Texas starts voting on Monday with marriage amendment on ballot
“Do you want schools to teach your children and grandchildren that homosexual marriage is normal? Do you want to undergo ‘sensitivity training’ at the workplace to ensure that you don’t favor heterosexuality over homosexuality? … These are not rhetorical questions – these are issues that we will face if we fail to defend and protect marriage.”— Texas Republican Party chair Tina Benkiser heating up the rhetoric as Lone Star State residents start early voting on marriage amendment
There is hope that this amendment will be defeated, but it will depend on what is usually historically low turnout during off-year elections. (Austin American-Statesman):
Turnout historically is low for amendment elections in Texas. In 2003, just 12.5 percent of registered voters cast ballots. Secretary of State Roger Williams, the chief elections officer, hasn’t projected what percentage of the state’s approximately 12.3 million registered voters will show up for this election. He’s urging participation and emphasizing that constitutional amendments can have more lasting impact than elected individuals.
“When you elect a person, you know they’ll be back up for re-election in two, four or six years,” he said. “But constitutional amendments endure. This November we hope that every Texan will go to the polls and make their voices heard.”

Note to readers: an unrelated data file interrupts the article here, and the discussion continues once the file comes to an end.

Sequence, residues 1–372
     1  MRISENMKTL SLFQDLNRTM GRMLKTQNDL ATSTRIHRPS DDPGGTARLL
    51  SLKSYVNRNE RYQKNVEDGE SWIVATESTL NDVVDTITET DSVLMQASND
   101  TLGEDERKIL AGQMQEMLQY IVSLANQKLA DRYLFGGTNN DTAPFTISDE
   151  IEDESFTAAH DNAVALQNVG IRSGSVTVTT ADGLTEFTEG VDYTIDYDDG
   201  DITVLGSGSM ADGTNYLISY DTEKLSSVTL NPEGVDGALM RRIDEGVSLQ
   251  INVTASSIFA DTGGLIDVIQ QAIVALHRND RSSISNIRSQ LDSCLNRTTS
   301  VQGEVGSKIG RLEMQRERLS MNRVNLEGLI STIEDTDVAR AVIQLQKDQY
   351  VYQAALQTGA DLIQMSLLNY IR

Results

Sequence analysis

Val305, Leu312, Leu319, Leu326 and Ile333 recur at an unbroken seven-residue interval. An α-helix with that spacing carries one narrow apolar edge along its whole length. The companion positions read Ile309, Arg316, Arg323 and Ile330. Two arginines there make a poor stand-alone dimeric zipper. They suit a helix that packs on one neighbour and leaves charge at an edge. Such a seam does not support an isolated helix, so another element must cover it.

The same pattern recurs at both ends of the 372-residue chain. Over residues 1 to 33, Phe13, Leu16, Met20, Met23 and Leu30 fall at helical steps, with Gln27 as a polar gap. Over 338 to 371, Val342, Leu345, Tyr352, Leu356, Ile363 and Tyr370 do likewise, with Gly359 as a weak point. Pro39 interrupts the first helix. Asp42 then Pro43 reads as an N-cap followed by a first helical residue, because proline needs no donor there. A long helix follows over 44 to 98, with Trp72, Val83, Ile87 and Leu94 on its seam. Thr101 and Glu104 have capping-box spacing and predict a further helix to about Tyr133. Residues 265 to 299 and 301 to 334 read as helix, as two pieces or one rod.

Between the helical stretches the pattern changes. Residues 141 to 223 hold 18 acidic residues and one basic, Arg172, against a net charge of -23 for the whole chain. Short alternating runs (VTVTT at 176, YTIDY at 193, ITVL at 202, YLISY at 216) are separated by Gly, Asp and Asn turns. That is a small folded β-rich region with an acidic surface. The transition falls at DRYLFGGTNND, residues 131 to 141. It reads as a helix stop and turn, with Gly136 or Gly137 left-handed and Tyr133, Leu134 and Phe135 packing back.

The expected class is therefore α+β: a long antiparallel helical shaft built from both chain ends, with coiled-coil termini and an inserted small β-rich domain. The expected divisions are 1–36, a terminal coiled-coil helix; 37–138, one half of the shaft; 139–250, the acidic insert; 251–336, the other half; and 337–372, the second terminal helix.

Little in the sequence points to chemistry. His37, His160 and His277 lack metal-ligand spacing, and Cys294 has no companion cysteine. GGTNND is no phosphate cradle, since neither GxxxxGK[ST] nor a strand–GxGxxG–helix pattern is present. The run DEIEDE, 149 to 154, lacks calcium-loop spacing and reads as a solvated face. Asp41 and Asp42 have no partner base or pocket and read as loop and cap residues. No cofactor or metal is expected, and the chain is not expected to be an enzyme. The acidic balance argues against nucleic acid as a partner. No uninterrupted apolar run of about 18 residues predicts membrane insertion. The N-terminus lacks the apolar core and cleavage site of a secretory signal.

Texans are increasingly using early voting, which runs through Nov. 4 for the constitutional amendments. In some recent statewide elections, early voting has accounted for about one-third of the total ballots cast.
The activist group No Nonsense in November, which opposes the same-sex marriage ban, is hoping low turnout will help defeat Proposition 2. “It’s hard to believe that Texas — of all states — can turn the tide that is sweeping across the nation,” the group’s Web site says. “As strange as it may seem, with historically low voter turnout expected, Texas is uniquely positioned to become the first state to defeat a Marriage Amendment.”
I’d say that is optimistic, but you Texas Blenders out there, how hot has the issue been in the press? We already know that Gov. Rick Perry thinks amending the state’s constitution is one of his priorities.
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